Nina Jaffe’s acclaimed retelling of an indigenous creation myth about the birth of Puerto Rico, The Golden Flower, is available for the first time in Spanish. Her account of the Taíno’s legend draws the reader to the island before the Spaniards arrived. The Taínos called their beloved island, Boriquén. This is their story of how Boriquén came to be.
In the beginning, there is only a giant mountain above a dry plain without water or plants. A child walking over the flat land below the mountain finds seeds dancing in the wind. When he plants the seeds on the top of the mountain, a forest grows on the crest and in that forest, a large golden flower appears. Soon, the boy and his community reap benefits that they had never before imagined.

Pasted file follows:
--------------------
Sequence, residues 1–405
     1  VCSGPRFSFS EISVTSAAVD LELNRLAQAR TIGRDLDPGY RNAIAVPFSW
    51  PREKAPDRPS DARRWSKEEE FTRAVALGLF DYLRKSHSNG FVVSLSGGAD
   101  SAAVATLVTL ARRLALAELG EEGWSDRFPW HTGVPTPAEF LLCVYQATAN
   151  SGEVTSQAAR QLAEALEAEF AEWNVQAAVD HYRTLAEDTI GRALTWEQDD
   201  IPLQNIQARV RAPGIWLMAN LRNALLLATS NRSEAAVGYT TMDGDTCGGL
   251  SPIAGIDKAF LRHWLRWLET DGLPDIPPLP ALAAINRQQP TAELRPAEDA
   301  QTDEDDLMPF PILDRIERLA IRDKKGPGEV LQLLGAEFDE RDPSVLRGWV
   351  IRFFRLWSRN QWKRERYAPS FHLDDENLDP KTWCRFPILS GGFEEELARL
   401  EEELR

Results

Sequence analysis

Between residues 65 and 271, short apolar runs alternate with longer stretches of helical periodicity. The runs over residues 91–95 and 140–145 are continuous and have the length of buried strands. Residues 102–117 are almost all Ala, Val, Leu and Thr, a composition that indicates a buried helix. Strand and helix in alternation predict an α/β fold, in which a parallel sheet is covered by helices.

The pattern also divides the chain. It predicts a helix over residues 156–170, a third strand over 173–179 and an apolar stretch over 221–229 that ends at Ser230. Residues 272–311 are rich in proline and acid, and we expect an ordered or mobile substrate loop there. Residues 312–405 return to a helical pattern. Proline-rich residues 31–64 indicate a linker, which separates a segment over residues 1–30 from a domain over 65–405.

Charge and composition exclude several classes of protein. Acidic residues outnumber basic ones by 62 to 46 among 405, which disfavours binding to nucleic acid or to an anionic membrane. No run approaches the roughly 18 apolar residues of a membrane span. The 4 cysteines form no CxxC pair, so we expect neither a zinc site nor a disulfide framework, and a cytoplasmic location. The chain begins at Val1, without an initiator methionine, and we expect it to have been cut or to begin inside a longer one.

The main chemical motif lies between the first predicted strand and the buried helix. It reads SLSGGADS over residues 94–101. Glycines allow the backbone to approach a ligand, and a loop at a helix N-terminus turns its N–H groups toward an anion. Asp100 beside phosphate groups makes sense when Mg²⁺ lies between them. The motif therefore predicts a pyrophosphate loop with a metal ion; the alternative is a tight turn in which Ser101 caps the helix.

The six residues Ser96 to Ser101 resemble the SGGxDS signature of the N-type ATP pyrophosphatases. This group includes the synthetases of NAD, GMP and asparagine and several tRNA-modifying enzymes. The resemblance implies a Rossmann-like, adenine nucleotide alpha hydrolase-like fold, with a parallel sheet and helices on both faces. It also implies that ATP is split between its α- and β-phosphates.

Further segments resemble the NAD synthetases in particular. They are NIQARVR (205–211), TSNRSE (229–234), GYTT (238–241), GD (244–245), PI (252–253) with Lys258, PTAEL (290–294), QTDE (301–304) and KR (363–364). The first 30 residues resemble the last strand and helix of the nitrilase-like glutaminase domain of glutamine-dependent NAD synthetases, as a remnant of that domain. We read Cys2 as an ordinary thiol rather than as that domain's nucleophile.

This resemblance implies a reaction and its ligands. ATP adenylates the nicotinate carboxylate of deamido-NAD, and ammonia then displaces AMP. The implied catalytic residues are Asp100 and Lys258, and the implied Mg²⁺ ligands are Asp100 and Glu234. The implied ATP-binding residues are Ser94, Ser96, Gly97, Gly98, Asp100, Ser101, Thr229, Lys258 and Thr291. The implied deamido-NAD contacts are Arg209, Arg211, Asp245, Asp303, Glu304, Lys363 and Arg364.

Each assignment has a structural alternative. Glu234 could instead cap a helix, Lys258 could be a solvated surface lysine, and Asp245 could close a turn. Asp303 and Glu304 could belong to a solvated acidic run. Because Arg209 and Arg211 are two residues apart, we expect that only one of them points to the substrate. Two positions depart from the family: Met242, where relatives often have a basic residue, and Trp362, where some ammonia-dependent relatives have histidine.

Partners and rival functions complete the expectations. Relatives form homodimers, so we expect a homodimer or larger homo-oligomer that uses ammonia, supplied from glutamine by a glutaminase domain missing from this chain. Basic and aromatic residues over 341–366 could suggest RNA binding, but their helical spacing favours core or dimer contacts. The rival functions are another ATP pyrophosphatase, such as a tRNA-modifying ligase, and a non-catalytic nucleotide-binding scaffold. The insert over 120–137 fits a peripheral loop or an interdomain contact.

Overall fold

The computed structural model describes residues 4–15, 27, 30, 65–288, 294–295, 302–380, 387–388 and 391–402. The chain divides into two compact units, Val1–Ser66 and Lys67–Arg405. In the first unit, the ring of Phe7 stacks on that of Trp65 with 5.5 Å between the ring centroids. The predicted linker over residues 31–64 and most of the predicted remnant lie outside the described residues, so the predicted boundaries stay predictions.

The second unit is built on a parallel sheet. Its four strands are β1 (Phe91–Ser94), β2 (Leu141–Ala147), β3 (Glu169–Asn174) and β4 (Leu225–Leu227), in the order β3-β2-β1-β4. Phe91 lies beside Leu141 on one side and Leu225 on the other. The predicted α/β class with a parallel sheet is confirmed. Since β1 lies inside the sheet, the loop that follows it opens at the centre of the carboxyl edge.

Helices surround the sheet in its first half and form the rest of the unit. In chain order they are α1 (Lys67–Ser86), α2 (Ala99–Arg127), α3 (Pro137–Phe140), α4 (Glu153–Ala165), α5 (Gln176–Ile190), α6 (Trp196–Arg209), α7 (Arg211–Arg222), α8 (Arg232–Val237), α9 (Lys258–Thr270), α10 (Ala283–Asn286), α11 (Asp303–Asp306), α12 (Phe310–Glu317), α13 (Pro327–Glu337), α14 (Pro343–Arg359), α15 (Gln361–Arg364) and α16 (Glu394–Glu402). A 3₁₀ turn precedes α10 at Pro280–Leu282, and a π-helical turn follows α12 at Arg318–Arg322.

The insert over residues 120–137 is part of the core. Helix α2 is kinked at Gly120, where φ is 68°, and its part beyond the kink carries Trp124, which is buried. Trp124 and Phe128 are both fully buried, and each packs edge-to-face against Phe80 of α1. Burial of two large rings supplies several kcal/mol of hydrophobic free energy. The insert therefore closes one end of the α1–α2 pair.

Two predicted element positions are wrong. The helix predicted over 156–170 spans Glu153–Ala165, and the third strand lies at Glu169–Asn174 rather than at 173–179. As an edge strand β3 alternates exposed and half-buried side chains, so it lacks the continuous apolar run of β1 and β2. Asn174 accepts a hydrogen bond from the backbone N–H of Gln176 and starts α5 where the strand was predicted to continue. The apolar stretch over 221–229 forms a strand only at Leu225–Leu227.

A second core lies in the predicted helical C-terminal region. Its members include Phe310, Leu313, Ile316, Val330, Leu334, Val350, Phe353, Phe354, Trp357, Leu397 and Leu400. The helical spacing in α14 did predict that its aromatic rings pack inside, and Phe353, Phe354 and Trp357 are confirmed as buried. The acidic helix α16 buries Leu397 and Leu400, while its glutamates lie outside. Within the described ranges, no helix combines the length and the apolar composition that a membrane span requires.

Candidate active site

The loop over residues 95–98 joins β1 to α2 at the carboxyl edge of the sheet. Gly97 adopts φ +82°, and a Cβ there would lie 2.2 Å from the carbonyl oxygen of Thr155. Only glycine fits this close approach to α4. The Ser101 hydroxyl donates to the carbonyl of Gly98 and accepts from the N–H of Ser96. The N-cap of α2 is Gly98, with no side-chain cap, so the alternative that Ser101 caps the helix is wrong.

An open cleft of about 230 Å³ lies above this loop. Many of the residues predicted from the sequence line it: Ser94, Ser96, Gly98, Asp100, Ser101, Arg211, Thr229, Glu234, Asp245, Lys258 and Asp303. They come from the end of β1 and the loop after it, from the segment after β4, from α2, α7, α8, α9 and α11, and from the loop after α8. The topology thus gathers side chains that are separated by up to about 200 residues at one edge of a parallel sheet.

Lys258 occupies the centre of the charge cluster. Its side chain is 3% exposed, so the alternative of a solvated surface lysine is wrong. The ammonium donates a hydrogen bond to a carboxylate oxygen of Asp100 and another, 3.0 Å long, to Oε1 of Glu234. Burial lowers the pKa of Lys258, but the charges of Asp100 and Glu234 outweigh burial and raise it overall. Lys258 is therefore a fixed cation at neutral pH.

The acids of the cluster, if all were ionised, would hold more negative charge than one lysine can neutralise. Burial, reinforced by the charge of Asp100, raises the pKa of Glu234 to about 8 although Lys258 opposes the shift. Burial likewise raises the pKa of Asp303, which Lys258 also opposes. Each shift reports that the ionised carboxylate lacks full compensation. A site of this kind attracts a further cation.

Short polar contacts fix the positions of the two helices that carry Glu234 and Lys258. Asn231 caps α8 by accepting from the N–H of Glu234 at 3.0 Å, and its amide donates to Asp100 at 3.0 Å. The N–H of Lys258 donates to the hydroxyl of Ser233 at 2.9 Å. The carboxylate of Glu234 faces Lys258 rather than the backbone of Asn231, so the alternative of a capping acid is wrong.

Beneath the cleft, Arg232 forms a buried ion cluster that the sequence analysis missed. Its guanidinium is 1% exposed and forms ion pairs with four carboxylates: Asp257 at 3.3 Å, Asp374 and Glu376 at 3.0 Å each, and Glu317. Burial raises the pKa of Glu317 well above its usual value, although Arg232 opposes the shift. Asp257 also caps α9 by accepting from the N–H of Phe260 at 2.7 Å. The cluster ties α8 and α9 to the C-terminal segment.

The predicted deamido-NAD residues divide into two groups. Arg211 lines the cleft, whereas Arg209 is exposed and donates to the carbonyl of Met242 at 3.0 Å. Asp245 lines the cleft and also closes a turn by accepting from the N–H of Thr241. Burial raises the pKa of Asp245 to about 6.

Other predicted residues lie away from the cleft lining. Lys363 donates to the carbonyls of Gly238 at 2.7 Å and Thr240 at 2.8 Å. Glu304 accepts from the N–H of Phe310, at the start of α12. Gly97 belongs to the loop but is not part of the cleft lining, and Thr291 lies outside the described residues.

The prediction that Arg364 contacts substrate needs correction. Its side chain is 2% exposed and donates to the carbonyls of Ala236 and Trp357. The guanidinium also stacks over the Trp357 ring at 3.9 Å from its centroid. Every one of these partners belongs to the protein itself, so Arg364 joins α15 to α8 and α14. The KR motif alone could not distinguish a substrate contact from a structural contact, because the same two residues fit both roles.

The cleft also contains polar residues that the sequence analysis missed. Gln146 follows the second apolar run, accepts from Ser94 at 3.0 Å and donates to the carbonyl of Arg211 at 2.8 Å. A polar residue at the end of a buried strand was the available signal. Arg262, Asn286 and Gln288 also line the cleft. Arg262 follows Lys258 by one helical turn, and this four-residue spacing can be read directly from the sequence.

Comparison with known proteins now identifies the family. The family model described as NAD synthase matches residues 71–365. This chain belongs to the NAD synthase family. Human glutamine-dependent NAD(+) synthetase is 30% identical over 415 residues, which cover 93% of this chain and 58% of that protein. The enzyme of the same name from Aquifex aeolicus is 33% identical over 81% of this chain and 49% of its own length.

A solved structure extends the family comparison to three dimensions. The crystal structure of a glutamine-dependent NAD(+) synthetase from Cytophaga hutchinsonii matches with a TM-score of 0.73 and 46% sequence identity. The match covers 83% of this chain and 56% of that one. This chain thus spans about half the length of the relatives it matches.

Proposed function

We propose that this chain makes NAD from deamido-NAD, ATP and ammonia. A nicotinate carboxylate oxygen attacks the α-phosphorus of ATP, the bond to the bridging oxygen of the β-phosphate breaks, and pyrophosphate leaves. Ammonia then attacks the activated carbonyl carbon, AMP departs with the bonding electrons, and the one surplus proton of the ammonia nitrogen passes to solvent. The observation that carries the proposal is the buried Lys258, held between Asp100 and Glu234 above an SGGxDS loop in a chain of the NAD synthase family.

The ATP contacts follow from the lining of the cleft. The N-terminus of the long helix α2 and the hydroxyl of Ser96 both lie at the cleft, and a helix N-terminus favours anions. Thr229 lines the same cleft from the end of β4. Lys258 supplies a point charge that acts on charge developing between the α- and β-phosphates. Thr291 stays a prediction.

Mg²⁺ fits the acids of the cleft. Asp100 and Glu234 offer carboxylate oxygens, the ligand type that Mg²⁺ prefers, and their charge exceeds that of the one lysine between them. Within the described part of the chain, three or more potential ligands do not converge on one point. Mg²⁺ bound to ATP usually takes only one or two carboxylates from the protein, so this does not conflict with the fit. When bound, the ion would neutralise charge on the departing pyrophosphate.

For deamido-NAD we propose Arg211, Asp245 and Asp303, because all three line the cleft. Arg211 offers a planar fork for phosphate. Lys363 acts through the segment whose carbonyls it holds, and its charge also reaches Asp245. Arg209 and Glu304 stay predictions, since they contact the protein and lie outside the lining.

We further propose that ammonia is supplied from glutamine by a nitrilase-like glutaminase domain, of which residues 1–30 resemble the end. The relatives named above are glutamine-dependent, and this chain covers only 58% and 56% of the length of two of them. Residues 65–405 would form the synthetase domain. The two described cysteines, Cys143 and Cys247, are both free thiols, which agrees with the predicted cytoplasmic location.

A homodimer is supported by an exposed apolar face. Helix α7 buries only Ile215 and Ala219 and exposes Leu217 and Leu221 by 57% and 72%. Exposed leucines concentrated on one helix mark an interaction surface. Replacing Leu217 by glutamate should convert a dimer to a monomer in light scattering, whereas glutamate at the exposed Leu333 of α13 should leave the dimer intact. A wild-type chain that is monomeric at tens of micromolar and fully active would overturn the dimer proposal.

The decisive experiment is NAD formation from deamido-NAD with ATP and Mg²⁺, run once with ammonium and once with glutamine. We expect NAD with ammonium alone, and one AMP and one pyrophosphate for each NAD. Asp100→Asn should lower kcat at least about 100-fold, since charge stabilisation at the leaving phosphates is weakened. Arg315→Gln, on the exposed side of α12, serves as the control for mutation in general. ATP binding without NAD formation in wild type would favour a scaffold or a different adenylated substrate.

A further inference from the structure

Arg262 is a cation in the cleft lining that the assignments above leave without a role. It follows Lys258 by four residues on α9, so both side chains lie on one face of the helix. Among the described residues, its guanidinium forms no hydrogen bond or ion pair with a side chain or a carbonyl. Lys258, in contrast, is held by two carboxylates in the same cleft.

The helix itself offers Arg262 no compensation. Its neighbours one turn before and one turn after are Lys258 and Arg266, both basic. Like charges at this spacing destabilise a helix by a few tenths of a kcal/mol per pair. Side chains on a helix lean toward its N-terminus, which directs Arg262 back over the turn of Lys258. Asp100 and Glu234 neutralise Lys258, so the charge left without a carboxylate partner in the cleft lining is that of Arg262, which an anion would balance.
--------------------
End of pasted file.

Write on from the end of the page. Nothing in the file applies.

A joyful creation myth about the evolution of a beautiful island habitat, this picture book is also a celebration of the young boy’s quest, which encourages young readers, ages 4-8, to respect the gifts of the winds and the cycle of nature that bears fruit for the whole community. Jaffe’s adaptation was inspired by her encounter with a Spanish-language article by Carmen Puigdollers, “Cómo se formó la bella isla de Boriquén,” and folklore research in Puerto Rico.